“Racing never gets easier – you just get faster” (Greg LeMond, 3x Tour de France winner)

Much has been said on this blog (and likely in your weekly classes) about the automation of certain aspects of the legal profession, and the notion that the legal profession is changing in a myriad of ways. I don’t disagree – technology has allowed us to do things today that were unthinkable 20 years ago. But if one of the goals of this course is to help you develop a road map for your legal career, then along with all the discussion about how technology is going to change the way we practice, something needs to be said about the complexity of what we do as lawyers.

I’ve been a barrister for almost twelve years – but the first time I stood up in court to represent a client at trial was just over 15 years ago, while I was a volunteer at my law school’s poverty law clinic. It was a nerve-wracking and difficult experience – I had to prepare witnesses, cross examine police officers, and make arguments about the Charter of Rights and Freedoms. I had to explain to my client beforehand that there was a chance that he would be convicted, and if he was, that the conviction could have significant consequences in the future. The trial lasted 4 hours. To me, it felt like 4 days. When it was over, my client was acquitted. I was utterly exhausted, but at the same time elated – my client was “free to go”. I also felt, almost immediately, that I wanted to do it all over again. That’s when I knew that I had found my place in the legal profession.

At the time, I thought that standing up in court and arguing cases would get easier over time. I thought that by the time I had argued a few cases, the process would become more “routine.” I was wrong about that. Why? Because I totally underestimated the complexity factor.


The idea that cases are similar or the same is only true at a very basic level. In reality, cases progress from start to finish but it’s not easy to predict how they might travel down that path.  To echo the quote above, practicing law doesn’t get easier – things just get more complicated.  As a new lawyer, I argued cases in the Provincial Court or the Small Claims Court that involved a single issue and one or two witnesses. Evidence rules were relaxed. Trials were done in a day. I worked for a large firm, so my clients were often very large companies that could easily withstand the ups and downs of small litigation – a few wins here, a few losses there. Generally, I took instructions from someone in the legal department – a lawyer who, like me, understood both the litigation process and the risk that comes with going to court.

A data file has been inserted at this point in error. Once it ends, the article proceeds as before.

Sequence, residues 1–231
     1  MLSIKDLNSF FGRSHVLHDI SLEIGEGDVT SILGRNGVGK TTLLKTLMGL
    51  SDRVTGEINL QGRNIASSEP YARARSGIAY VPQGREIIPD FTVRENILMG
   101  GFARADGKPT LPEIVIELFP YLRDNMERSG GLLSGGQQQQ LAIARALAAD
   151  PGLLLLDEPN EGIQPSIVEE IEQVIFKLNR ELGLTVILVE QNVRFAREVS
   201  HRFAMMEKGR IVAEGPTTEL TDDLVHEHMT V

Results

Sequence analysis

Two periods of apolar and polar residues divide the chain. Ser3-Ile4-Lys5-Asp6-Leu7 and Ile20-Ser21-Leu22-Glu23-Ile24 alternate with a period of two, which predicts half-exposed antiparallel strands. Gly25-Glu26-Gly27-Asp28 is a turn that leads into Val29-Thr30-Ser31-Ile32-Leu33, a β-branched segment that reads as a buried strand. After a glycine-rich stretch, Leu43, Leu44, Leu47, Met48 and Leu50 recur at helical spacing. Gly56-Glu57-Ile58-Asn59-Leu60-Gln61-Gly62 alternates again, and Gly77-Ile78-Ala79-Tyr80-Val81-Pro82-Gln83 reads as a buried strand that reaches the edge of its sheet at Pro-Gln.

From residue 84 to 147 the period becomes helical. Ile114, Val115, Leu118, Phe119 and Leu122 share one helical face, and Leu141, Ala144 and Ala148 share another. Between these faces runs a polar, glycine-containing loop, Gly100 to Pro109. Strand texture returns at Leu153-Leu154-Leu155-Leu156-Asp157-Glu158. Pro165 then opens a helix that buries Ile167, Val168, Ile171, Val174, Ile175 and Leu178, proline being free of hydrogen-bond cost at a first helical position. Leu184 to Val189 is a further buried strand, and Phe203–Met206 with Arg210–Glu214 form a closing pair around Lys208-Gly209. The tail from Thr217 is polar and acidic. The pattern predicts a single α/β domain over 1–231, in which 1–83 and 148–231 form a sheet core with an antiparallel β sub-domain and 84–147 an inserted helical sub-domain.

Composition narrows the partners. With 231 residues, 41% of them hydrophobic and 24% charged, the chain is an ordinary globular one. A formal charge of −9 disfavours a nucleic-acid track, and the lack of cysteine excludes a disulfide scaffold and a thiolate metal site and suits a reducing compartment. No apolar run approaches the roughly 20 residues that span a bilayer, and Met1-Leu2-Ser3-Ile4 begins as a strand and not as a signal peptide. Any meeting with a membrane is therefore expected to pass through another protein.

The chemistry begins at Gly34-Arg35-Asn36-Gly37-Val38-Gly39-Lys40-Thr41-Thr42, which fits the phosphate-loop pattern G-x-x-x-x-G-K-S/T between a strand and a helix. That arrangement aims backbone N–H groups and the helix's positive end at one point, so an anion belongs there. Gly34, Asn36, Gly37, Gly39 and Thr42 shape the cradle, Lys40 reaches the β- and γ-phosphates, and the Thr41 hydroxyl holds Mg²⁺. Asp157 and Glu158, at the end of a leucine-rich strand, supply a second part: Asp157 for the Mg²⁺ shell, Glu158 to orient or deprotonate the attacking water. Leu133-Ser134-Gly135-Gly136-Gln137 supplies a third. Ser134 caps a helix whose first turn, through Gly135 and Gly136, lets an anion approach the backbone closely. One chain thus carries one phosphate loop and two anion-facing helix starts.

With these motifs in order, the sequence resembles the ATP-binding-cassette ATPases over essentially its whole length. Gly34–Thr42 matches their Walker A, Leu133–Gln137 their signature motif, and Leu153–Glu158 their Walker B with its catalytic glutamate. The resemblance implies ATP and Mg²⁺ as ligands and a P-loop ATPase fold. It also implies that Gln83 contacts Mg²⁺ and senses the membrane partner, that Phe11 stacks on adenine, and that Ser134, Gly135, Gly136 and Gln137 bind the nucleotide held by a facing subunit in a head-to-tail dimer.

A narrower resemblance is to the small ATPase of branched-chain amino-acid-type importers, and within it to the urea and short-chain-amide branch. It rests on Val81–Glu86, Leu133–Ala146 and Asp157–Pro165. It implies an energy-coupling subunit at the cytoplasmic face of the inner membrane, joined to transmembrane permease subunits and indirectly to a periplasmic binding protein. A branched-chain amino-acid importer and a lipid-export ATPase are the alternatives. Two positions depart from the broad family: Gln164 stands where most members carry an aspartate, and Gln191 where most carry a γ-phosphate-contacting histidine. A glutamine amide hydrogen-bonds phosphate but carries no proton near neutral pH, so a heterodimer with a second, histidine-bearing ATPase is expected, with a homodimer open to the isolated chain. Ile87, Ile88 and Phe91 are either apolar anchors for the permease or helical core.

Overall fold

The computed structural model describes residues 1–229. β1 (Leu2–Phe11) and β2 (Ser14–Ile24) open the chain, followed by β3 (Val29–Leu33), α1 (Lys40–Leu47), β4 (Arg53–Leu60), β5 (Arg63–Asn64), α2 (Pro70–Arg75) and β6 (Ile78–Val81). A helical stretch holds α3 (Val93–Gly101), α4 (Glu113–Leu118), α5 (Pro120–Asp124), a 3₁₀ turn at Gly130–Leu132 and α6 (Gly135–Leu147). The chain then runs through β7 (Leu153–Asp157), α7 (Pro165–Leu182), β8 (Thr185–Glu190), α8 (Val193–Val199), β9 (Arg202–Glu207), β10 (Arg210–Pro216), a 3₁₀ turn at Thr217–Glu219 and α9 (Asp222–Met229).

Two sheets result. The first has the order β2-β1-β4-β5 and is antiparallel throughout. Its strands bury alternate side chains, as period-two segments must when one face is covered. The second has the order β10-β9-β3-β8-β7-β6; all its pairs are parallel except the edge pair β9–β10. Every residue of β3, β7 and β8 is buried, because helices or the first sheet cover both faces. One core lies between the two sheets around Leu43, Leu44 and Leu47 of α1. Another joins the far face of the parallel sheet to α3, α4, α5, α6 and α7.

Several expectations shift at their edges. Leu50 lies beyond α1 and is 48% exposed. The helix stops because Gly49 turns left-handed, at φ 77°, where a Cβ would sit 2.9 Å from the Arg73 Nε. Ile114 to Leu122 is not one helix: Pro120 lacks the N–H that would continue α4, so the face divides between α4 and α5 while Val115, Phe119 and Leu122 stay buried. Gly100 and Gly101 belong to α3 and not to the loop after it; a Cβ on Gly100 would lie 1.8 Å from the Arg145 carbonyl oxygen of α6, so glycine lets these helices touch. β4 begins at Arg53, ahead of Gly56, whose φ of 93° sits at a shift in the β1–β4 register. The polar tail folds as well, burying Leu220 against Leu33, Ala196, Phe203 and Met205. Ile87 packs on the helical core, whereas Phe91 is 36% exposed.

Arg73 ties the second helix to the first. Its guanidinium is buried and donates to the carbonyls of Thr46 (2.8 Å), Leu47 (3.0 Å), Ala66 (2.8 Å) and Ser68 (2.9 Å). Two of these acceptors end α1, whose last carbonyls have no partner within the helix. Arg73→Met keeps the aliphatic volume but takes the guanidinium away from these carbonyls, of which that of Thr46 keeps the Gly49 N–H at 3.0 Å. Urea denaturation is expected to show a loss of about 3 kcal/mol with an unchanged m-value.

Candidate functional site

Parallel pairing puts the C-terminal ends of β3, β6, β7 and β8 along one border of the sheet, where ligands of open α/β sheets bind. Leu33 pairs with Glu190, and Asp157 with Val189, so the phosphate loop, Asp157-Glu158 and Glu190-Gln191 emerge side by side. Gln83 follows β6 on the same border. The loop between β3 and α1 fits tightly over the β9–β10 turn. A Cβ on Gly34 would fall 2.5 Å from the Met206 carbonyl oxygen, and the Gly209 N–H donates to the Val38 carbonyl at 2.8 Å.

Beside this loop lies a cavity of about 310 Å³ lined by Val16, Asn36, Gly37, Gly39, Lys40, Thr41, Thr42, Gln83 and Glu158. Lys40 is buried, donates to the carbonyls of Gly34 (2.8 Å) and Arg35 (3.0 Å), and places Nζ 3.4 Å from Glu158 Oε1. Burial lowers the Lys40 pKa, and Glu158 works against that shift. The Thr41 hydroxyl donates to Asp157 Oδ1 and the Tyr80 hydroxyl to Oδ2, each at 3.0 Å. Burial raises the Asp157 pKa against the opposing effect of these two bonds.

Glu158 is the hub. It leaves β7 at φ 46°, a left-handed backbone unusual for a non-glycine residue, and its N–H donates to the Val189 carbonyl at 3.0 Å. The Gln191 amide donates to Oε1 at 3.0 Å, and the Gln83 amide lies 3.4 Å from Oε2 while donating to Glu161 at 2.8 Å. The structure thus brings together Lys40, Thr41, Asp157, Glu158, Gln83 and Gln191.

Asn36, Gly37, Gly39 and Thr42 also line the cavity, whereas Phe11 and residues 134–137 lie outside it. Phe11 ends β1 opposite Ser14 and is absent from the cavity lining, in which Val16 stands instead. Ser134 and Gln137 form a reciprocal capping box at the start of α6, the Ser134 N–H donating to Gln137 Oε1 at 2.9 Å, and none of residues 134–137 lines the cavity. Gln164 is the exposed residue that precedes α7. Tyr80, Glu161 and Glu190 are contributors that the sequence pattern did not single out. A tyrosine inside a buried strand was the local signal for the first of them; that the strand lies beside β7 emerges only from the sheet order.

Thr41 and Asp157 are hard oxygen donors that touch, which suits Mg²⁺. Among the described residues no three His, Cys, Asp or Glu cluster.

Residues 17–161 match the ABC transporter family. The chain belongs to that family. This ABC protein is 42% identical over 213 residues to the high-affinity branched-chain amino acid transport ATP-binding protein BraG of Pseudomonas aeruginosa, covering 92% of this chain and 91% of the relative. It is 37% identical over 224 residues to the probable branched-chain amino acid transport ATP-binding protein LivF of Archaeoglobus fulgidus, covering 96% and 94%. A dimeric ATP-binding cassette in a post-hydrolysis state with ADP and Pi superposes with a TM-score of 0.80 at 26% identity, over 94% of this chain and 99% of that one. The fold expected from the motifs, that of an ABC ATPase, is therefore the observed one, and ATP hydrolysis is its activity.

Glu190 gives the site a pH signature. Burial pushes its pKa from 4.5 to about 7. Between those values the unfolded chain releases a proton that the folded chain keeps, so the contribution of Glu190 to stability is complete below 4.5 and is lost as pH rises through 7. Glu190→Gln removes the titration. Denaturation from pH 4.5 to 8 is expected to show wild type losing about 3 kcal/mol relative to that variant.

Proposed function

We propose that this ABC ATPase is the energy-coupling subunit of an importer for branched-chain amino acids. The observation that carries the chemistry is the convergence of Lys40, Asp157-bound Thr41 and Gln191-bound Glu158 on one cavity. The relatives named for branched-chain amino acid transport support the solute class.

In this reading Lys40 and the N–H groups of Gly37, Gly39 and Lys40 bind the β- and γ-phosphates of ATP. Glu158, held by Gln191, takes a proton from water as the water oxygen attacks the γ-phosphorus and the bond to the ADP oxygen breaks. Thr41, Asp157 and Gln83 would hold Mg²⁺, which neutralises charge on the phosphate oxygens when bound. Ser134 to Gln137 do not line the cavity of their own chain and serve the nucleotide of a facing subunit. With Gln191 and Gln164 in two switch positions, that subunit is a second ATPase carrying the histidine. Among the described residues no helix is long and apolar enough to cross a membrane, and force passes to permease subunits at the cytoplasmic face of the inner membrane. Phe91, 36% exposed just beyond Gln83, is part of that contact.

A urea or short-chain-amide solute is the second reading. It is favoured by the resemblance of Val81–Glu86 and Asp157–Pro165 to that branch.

As a more senior associate, my clients tended to be a bit smaller – medium sized companies where I was talking directly to one of the senior executives. The cases slowly became more complex. Multiple issues, multiple witnesses, and multiple days in court. These clients were willing to take some risks, and they were prepared for the uncertainty of the court process, but let’s be honest – nobody wants to lose a court case.

Now I have my own practice, aimed mainly at small businesses and individuals. Easier, right? No way. Most of my cases still involve multiple issues, counterclaims, third parties, expert evidence, and just about every twist and turn you can think of. My clients are often individuals who have not had to deal with the legal system before – so I typically spend more time with them, helping them understand the process, the potential outcomes, and the stress that comes with the uncertainty of putting your case in the hands of a judge. The results matter more than ever. That 7th inning of the Jays game last week? That kind of roller coaster ride happens a lot in my world.

What does any of this have to do with creating the law firm of the future? I think there are three things that you can take from these war stories. The first is that working with clients has a huge human component that you can start thinking about and learning about right now. Clients are still looking for lawyers to be their advisors – to guide them through rough seas. Learning how to play that role in different situations takes time and patience.

The second is that working with judges and opposing counsel also has a huge human component. Arguing a case in court is not just about facts and law, it’s also about emotion and narrative. It’s about taking all that complexity, and turning it into something simple and clear so that a judge can make a decision – the right decision. Until someone tells me that IBM’s machines have taken a basic chronology of events and written something like To Kill a Mockingbird, I’m not too worried about my opposing counsel peeling off a mask and revealing herself to be a robot.

Finally, don’t underestimate the complexity of the work you’re about to get into – but at the same time, don’t lose the opportunity you have right now to learn how to deal with it.